- It's always something. Our van had been in the shop for almost a week after the master cylinder malfunctioned (I just picked it up from the shop on 7/7); the mechanics said that it was "ready for a trip". On the morning of my mom's funeral, it had yet another brake problem. The Mister took the van to the shop and missed the funeral. My daughter Erin picked me and The Boy up and ferried us to the funeral home. Lifetime guarantees on the parts and labor were honored, thank goodness. We picked up The Mister so he could attend the luncheon after the services.
- It IS possible to make a long car trip with The Mister and The Boy and not have it be a crazy, drama-filled event. And I only screamed once, but it was not due to The Mister's driving (a Target truck almost made us a target).
- I have some awesome relatives. My brothers and sisters-in-law rock! And their children? They're all perfect! My daughter Erin is wonderful!
- The Boy can manage to say inappropriate things in any setting.
- I've missed seeing family a lot. I got some ferociously tight hugs from my niece Tammy and my nephew Todd. I hope we stay in touch.
- Never select the preacher recommended by the funeral home. He didn't have much of anything prepared, and said that our mom died in 2001 (and he was reading off a card). Geesh.
- I heard time and time again what a good friend my mother was. Former co-workers came and talked about how they loved working with her, and how she was a hard worker as well as a good friend. And to her friends, she wasn't Ruth - she was Ruthie.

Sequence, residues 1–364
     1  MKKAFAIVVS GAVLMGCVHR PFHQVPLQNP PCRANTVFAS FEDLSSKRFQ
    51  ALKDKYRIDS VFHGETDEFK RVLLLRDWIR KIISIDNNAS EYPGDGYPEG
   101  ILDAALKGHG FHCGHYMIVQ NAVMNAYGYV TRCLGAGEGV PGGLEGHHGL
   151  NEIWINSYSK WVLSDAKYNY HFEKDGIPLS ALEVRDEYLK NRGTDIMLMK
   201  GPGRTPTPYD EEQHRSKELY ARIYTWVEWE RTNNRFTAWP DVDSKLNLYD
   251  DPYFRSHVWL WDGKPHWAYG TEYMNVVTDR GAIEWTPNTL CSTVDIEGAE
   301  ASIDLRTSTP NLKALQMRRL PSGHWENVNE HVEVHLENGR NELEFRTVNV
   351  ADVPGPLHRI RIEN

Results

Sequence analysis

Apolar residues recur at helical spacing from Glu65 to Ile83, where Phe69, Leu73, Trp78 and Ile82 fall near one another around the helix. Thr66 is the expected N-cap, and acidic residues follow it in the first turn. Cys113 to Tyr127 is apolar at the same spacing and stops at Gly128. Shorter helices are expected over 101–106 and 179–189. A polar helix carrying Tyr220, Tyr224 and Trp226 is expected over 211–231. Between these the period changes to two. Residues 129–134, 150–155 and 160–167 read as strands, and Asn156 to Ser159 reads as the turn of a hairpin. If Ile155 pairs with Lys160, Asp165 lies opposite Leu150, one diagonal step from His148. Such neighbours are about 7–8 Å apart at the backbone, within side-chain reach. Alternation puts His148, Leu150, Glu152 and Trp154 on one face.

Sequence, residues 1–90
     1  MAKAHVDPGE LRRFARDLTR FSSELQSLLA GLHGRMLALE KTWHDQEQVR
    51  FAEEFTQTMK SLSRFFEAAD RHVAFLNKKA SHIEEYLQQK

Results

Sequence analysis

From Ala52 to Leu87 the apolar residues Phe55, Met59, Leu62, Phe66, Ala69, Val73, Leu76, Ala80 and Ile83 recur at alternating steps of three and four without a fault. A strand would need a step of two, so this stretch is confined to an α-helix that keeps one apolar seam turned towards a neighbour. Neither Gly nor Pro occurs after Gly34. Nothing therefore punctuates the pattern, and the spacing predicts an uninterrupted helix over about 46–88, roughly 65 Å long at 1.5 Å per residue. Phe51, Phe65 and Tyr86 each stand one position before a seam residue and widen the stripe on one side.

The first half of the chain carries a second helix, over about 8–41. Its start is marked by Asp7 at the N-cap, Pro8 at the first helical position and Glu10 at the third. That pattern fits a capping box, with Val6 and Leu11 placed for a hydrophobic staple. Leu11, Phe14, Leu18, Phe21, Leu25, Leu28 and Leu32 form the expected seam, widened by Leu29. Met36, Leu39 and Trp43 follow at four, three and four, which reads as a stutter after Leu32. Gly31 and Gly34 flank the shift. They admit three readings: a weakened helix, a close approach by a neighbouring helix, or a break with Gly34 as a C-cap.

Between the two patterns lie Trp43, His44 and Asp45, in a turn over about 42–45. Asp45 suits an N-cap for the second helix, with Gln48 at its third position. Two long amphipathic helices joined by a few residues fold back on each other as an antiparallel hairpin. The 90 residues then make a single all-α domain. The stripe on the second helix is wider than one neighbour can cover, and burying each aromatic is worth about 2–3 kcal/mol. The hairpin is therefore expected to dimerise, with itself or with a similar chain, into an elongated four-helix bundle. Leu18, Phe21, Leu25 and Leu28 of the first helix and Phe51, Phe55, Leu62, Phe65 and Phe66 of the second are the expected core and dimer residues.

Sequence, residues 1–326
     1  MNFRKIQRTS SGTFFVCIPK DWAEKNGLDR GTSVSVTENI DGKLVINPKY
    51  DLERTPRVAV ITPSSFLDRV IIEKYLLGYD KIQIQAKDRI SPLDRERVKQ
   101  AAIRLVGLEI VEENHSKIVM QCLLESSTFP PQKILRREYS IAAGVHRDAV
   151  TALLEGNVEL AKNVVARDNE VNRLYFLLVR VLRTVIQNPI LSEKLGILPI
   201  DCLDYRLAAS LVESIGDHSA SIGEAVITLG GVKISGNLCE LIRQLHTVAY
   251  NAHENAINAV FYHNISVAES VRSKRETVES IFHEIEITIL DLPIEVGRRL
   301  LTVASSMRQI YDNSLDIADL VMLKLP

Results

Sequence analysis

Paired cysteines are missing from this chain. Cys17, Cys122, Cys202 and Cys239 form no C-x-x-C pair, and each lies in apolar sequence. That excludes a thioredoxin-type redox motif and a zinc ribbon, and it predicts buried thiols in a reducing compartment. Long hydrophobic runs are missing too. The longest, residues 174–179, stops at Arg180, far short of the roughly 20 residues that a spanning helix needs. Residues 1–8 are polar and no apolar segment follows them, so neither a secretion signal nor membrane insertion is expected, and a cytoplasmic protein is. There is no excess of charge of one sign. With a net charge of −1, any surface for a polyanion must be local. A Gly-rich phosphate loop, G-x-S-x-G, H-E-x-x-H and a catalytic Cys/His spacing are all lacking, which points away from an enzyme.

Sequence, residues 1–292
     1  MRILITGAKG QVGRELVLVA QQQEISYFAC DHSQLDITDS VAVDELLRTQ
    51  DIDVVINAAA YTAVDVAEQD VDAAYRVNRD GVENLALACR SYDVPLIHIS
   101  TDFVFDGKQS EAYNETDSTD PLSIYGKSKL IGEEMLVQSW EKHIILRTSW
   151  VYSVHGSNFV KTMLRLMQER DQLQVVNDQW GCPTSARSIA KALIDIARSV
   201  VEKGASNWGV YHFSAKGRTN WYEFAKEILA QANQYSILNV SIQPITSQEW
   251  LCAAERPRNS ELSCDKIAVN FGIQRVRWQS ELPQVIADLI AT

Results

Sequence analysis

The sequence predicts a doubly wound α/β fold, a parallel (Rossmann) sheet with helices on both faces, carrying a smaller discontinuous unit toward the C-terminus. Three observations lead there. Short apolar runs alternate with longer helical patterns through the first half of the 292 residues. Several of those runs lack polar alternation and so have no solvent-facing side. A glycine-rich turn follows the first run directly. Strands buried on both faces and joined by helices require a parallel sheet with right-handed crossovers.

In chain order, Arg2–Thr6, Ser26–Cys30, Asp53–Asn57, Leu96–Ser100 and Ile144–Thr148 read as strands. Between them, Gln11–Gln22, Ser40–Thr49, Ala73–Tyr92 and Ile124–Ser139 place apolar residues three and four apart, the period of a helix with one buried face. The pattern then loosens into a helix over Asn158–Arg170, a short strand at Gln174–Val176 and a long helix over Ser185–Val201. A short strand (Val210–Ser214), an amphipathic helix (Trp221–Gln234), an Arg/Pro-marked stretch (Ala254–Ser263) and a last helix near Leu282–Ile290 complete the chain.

- My mother also had many friends when she did ceramics. One of them, Sandy, knew the woman who bought my mom's house. While cleaning out the house, the new owner found a mother's ring (we bought it for her for Christmas about 30 years ago, I think). The homeowner gave it to Sandy - and Sandy had held onto it for five years, waiting to hear some news of my mother. She brought the ring with her to the funeral home. I was asked if I now wanted it, but The Boy and I both agreed that it was HER ring, so it was placed on my mother's finger, where it belongs.
- My mother was a matchmaker. In the mid-70s, she worked with Janet. She knew a guy named Tom who was perfect for her, and introduced them. Tom and Janet married and had a daughter. Janet's husband and daughter came to the funeral home and he told the story - and that he owes his marriage and his family to my mom. Unfortunately, Janet died six years ago - Tom said that Janet and Ruthie were together now, laughing and joking, like they always did. Tom sheepishly asked if he could be a pall bearer.
- If my mother was your friend, she stayed your friend. People I hadn't seen for forty years came to her viewing...and I remembered who they were.
- She was so much more than my mother. When she wasn't burdened by the responsibility of caring for her children, she was funny and kind and helpful.
- I might have a bit of my mother in me, as Dana, a friend from junior high, also came to the viewing.Thanks, Dana!
When I'm Gone
When I come to the end of my journey
And I travel my last weary mile,
Just forget if you can, that I ever frowned
And remember only the smile.
Forget unkind words I have spoken;
Remember some good I have done.
Forget that I ever had a heartache
And remember I've had loads of fun.
Forget that I have stumbled and blundered
And sometimes fell by the way.
Remember I have fought some hard battles
And won, ere the close of the day,
Then forget to grieve for my going,
I would not have you sad for a day,
But in summer just gather some flowers
And remember the place where I lay,
And come in the evening
When the sun paints the sky in the west,
Stand for a few moments beside me
And remember only my best.
Wouldn't the world be a sunnier place if we all only remembered the good others have done?
Maybe we can start a trend.
Thanks for the reminders, Mom. Rest well.